I used to be a huge fan of the Unthank sisters when they fronted the folk group, Rachel Unthank and the Winterset. I've lost count of the number of times I saw them in concert. They were a particular favourite of Mrs MP. Unfortunately, in 2009 they morphed into The Unthanks and said goodbye (for a reason I have never been able to ascertain) to founder member, Belinda O'Hooley. This was a real bummer.
Belinda is a very funny person and an extremely talented pianist and songwriter. More mature in attitude to the Unthank sisters, she held the band together and her confidence gave the band a stage presence that they are now greatly lacking. She would interrupt the group's songs about miners and the usual folkie icons with her own songs based on her experience of being a lesbian. Such subject matter is unusual for any English band but in the folk scene, with its obsession with the deflowering of young maidens, it was previously unheard of. Without, Belinda, the group has become far too earnest and have engaged in some right pretentious projects. Worst of all, they are no longer funny.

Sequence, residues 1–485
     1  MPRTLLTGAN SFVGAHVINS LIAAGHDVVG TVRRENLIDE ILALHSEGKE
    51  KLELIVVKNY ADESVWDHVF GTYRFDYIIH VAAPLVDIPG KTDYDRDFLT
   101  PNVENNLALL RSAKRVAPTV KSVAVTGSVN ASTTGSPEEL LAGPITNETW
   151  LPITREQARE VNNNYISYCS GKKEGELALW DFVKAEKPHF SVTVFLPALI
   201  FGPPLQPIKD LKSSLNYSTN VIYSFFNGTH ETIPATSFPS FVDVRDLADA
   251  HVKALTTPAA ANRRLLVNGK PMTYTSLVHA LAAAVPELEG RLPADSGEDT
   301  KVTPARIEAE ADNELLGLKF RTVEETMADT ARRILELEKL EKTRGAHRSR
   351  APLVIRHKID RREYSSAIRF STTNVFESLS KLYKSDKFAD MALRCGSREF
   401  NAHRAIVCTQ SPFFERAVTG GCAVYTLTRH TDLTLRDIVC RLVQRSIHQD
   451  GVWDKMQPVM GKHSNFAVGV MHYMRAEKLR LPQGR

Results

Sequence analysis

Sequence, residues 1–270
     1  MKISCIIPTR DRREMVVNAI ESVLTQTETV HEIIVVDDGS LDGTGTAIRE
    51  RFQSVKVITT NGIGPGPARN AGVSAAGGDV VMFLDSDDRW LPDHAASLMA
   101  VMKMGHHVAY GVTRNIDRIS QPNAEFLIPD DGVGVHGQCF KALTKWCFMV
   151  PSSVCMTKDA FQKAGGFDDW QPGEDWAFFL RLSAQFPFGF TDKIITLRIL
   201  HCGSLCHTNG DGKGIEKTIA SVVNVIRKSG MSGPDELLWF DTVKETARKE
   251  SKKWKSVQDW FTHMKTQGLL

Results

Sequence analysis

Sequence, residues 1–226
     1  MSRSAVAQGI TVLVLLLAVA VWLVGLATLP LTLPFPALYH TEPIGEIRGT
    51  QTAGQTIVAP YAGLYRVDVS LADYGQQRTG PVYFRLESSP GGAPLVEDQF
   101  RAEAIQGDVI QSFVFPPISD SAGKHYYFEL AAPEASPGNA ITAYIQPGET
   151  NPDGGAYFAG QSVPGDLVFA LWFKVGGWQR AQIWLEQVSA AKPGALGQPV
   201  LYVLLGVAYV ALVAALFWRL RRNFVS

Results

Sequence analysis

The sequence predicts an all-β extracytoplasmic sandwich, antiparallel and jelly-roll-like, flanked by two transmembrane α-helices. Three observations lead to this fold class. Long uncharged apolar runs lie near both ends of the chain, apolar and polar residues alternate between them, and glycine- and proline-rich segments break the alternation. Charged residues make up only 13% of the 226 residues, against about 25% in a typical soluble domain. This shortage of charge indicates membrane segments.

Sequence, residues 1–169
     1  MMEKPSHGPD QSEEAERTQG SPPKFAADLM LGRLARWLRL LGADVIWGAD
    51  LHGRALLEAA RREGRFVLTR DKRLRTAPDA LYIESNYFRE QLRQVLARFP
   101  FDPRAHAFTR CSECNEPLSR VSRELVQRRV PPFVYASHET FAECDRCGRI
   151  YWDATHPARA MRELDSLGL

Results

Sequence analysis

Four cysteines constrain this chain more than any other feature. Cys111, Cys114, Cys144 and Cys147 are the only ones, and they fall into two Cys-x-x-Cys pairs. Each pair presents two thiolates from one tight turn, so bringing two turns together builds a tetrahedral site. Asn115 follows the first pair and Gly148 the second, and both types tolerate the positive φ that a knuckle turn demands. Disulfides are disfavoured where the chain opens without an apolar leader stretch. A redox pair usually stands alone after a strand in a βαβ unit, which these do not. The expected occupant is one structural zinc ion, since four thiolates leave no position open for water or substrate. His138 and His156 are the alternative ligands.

Therefore, I haven't paid much attention to them recently. At least, that was the case until a couple of days ago when I bought their new album, "Diversions, Volume 2," a live recording of a concert tour they undertook last year with The Brighouse and Rastrick Brass Band. I'm a sucker for brass band music, especially that which comes from the working class tradition. When I was a priest in the last deep mine village in Northumbria, many years ago, the local brass band, connected to the mine, used to accompany us at our carol services each Christmas and it was a wonderful experience brimming with nostalgia and a sense of belonging.
So, I was sold on the album before I even heard it. On the whole, my investment was worthwhile. The Brighouse and Rastrick Brass Band are, as they always are, brilliant. The sisters sing well. The only low points on the album is when some bloke starts singing faux-jazz.
Here is the first track off the album, the beautiful, modern folk ballad, "The King Of Rome," originally made famous by June Tabor.
The King of Rome was a racing pigeon that won a 1,001-mile race from Rome, Italy to England, in 1913. The bird, a blue cock, was owned and bred by Charlie Hudson (born early 1870s, died 13 March 1958 aged 84, of Derby. On the bird's death he presented its body to Derby Museum and Art Gallery where its taxidermied skin is preserved.
The King of Rome and its owner were the subject of a song and book by Dave Sudbury (born Derby). It tells how on the day of the big race a storm blew in. A thousand birds were swept away and never seen again.